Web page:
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Stansberry's Warning
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http://www.stansberryresearch.com/pro/1103PSIEOAVD/PPSIM403/PR

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AP:


Soaring food and energy prices, still-fragile financial systems and continued tensions between the United States and China over trade and currency issues will all be on the agenda at meetings over the next three days of global finance officials.

World Bank President Robert Zoellick said Thursday that food prices are 36 percent higher than they were a year ago and already have pushed 44 million people into poverty. He called on major countries to do more to help poor countries meet the challenge of feeding their populations at a time of surging prices.

Finance ministers and central bank presidents of the Group of 20 major industrial countries were involved in talks that began Thursday on ways to address the food crisis and to better coordinate their economic policies.

Zoellick cited a new World Bank study that showed that another 10 percent increase in global food prices could drive an additional 10 million people into extreme poverty.

That would be in addition to the 44 million people who have been driven into poverty since June because of soaring food prices. The World Bank estimates there are about 1.2 billion people living below the poverty line of $1.25 per day.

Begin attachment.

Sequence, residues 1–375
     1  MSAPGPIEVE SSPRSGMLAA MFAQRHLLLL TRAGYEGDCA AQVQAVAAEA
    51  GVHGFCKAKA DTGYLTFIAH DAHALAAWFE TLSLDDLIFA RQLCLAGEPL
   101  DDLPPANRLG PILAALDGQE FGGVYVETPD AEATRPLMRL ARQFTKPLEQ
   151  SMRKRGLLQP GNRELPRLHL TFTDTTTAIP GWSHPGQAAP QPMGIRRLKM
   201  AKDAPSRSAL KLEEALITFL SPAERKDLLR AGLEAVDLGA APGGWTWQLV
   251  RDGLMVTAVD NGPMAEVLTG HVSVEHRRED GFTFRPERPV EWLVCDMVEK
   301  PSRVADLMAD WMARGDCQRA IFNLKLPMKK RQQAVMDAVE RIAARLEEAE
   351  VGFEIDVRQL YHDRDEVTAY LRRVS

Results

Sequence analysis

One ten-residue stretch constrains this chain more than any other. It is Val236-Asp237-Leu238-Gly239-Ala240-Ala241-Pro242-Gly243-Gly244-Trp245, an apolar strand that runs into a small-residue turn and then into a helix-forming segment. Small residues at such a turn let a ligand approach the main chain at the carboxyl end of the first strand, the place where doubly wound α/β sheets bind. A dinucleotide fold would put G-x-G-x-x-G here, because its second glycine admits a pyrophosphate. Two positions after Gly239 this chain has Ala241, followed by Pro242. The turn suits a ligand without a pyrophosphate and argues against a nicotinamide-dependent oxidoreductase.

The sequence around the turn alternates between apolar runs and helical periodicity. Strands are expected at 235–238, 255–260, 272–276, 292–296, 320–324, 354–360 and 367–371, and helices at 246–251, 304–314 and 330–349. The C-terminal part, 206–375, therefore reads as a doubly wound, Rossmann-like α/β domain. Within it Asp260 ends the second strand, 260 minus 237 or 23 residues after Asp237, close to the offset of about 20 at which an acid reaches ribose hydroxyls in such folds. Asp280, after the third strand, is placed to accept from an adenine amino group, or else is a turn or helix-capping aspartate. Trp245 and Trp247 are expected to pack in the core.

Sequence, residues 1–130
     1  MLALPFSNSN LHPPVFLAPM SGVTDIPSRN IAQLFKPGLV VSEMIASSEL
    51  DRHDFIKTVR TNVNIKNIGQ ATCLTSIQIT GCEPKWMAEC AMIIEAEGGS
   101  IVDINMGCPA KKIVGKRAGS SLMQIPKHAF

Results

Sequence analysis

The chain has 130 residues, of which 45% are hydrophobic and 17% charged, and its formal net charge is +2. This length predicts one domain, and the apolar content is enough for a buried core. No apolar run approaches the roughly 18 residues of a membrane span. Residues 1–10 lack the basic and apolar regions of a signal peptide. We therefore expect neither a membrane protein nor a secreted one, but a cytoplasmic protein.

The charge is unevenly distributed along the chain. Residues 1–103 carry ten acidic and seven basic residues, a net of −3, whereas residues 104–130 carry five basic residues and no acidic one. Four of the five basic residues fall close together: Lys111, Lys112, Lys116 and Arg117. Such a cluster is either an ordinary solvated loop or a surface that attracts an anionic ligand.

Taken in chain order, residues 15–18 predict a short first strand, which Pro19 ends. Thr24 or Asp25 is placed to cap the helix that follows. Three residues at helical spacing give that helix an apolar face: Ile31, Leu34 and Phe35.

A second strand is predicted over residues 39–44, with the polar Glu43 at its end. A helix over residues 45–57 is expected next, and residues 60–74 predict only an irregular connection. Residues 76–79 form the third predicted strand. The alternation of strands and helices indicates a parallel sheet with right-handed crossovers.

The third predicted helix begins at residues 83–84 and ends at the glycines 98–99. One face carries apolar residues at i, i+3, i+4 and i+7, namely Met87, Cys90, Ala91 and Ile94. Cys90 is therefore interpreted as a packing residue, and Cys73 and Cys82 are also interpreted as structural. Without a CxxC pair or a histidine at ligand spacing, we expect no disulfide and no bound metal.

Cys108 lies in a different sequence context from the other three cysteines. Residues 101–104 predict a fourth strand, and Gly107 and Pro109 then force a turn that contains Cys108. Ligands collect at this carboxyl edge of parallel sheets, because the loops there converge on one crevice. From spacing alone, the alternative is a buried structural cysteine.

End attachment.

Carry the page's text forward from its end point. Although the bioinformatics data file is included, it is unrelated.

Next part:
"We have to put food first and protect the poor and vulnerable, who spend most of their money on food," Zoellick said at a briefing to preview the upcoming finance meetings.


Those discussions began Thursday with talks first among finance officials of the world's seven wealthiest countries - the United States, Japan, Germany, France, Britain, Canada and Italy. Those countries were joined later by finance officials from the Group of 20 nations, which include not only the traditional economic powers but fast-growing emerging economies, including China, India and Brazil. French Finance Minister Christine Lagarde and U.S. Treasury Secretary Timothy Geithner also led a discussion on how the major economies could provide support in the Middle East and North Africa following a change of governments in Tunisia and Egypt.

See full article from DailyFinance: http://srph.it/fWDZ8d

See full article from DailyFinance: http://srph.it/fWDZ8d

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